Jamadagnya, Jāmadagnya: 12 definitions

Introduction:

Jamadagnya means something in Hinduism, Sanskrit. If you want to know the exact meaning, history, etymology or English translation of this term then check out the descriptions on this page. Add your comment or reference to a book if you want to contribute to this summary article.

In Hinduism

Purana and Itihasa (epic history)

[«previous next»] — Jamadagnya in Purana glossary
Source: Cologne Digital Sanskrit Dictionaries: The Purana Index

Jāmadagnya (जामदग्न्य).—A tīrtha on the Narmada. Here Indra became lord of gods.*

  • * Matsya-purāṇa 194. 35-6.
Purana book cover
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The Purana (पुराण, purāṇas) refers to Sanskrit literature preserving ancient India’s vast cultural history, including historical legends, religious ceremonies, various arts and sciences. The eighteen mahapuranas total over 400,000 shlokas (metrical couplets) and date to at least several centuries BCE.

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Pancaratra (worship of Nārāyaṇa)

Source: Wisdom Library: Pancaratra (Samhita list)

1) Jāmadagnya (जामदग्न्य) is the name of an ancient Pāñcarātra Saṃhitā mentioned in the Kapiñjalasaṃhitā: a Pāñcarātra work consisting of 1550 verses dealing with a variety of topics such as worship in a temple, choosing an Ācārya, architecture, town-planning and iconography.—For the list of works, see chapter 1, verses 14b-27. The list [including Jāmadagnya-saṃhitā] was said to have comprised “108” titles, these, different saṃhitās named after different manifestations of the Lord or different teachers. They are all said to be authoritative as the ultimate promulgator of all these is the same Nārāyaṇa.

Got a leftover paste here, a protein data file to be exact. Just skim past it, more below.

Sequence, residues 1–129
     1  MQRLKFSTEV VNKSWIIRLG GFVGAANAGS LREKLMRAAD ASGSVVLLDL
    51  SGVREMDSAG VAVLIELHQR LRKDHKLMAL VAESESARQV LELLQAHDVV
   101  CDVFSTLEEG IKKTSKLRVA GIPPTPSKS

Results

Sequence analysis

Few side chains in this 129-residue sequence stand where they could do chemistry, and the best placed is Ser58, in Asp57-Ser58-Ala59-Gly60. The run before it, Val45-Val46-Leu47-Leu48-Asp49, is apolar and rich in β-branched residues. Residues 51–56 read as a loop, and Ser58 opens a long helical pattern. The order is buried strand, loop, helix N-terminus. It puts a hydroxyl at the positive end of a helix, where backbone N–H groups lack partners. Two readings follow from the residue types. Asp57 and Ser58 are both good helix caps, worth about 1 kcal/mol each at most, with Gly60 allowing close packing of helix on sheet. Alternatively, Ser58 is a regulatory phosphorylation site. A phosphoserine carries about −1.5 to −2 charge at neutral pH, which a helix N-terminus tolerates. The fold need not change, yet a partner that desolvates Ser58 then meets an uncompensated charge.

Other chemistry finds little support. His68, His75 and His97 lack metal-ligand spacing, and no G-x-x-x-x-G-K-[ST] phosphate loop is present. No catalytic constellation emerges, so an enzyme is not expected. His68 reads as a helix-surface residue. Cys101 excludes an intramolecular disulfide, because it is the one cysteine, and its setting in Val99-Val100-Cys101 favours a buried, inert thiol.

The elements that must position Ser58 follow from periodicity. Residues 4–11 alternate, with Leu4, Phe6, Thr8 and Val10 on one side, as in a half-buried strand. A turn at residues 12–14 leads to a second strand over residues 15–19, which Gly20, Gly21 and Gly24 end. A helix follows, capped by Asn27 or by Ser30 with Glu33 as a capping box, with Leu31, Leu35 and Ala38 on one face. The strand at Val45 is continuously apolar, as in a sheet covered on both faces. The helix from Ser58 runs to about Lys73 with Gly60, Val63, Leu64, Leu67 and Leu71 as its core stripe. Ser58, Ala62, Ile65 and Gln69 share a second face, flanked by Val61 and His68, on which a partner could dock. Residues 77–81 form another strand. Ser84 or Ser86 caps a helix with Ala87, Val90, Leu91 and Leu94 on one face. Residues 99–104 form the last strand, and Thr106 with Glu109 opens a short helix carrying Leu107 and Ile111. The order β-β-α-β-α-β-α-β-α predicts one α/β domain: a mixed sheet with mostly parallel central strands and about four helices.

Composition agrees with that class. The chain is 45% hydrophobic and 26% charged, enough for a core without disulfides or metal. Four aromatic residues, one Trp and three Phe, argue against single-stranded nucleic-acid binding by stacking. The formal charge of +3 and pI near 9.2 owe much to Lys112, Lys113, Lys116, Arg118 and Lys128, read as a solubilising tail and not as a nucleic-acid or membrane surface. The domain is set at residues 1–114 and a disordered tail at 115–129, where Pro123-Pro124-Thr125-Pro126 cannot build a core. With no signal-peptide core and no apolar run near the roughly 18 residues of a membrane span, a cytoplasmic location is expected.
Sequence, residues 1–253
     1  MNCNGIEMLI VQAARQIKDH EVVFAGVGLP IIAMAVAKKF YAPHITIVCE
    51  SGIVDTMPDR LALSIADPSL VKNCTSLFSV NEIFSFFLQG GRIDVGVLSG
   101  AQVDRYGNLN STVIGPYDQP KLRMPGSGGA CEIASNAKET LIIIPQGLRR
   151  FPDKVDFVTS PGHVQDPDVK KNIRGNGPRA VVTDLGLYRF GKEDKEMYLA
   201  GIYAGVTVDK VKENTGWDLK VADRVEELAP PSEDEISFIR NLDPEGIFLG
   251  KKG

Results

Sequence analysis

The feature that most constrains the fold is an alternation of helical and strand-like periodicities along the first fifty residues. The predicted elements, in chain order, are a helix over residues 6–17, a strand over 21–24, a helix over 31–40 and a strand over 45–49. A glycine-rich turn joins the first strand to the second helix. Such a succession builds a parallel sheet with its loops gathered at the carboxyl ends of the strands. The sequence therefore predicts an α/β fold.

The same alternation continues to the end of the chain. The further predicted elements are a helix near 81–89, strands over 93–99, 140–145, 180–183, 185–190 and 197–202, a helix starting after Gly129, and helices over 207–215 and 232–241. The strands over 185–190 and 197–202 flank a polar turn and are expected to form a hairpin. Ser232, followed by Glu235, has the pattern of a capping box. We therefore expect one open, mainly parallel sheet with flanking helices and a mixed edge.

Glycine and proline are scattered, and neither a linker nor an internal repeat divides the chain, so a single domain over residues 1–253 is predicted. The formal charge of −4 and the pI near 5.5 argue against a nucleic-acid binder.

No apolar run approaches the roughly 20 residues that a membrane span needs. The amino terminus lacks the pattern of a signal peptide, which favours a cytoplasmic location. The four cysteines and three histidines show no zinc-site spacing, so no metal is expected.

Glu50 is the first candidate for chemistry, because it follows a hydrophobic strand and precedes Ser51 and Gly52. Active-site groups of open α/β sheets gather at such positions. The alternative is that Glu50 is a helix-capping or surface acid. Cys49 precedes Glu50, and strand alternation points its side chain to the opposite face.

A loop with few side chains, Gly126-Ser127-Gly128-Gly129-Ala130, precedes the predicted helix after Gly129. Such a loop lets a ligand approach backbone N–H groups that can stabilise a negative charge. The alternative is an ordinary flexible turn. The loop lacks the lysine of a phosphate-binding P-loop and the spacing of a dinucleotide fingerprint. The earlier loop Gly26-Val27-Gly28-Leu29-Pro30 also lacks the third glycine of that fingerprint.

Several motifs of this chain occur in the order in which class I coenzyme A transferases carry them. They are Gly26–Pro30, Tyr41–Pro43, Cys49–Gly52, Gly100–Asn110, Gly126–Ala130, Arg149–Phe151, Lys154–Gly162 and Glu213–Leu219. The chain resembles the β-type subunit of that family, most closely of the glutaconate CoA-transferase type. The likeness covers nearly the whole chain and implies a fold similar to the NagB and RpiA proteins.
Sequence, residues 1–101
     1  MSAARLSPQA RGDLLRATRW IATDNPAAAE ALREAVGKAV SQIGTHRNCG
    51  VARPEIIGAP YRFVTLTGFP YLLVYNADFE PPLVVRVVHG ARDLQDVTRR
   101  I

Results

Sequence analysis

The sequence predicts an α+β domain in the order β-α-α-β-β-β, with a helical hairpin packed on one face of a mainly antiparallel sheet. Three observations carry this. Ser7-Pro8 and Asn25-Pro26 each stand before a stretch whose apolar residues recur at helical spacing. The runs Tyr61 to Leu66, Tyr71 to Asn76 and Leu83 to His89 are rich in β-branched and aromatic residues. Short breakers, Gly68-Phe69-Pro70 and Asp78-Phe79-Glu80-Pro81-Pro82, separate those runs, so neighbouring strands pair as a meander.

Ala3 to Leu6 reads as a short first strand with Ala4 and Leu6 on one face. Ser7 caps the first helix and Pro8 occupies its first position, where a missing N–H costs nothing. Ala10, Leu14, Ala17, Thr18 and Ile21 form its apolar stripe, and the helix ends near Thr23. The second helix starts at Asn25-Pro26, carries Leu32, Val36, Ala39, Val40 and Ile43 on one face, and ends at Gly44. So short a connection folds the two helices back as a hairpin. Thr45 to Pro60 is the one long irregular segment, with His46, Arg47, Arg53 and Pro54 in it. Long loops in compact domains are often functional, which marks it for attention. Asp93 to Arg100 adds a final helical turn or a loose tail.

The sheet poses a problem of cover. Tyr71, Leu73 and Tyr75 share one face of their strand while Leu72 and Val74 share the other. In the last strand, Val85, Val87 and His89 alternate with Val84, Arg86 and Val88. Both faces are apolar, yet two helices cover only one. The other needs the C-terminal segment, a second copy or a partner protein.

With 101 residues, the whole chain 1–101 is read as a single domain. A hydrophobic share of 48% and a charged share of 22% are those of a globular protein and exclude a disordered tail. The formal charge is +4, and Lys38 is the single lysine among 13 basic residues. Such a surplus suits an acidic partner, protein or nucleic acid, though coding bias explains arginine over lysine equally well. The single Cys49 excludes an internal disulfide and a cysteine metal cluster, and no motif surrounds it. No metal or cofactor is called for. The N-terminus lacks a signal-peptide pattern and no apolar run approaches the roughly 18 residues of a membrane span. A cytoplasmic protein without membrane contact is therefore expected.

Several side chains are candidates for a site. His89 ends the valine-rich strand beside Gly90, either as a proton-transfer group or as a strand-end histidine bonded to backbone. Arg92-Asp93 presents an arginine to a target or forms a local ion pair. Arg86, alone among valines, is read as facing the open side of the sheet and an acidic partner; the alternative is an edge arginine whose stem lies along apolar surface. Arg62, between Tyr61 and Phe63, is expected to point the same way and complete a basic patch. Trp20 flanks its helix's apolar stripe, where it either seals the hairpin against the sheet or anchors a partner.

2) Jāmadagnya (जामदग्न्य) is the name of an ancient Pāñcarātra Saṃhitā mentioned in the Padmasaṃhitā: the most widely followed of Saṃhitā covering the entire range of concerns of Pāñcarātra doctrine and practice (i.e., the four-fold formulation of subject matter—jñāna, yoga, kriyā and caryā) consisting of roughly 9000 verses.—[Cf. Jñānapāda chapter 1, verses 99-114]—First is explained the folly of following more than one Saṃhitā for a single series of rituals. Then the names of the 108 Tantras of the Pāñcarātra corpus are named [e.g., Jāmadagnya]. Even those who repeat these 108 titles will gain salvation.

Source: Shodhganga: Iconographical representations of Śiva (pancaratra)

Jāmadagnya (जामदग्न्य) or Jāmadagnyasaṃhitā is the name of a Vaiṣṇava Āgama scripture, classified as a tāmasa type of the Muniprokta group of Pāñcarātra Āgamas. The vaiṣṇavāgamas represent one of the three classes of āgamas (traditionally communicated wisdom).—Texts of the Pāñcara Āgamas are divided in to two sects. It is believed that Lord Vāsudeva revealed the first group of texts which are called Divya and the next group is called Muniprokta which are further divided in to three viz. a. Sāttvika. b. Rājasa. c. Tāmasa (e.g., Jāmadagnya-saṃhitā).

Pancaratra book cover
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Pancaratra (पाञ्चरात्र, pāñcarātra) represents a tradition of Hinduism where Narayana is revered and worshipped. Closeley related to Vaishnavism, the Pancaratra literature includes various Agamas and tantras incorporating many Vaishnava philosophies.

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Kavya (poetry)

[«previous next»] — Jamadagnya in Kavya glossary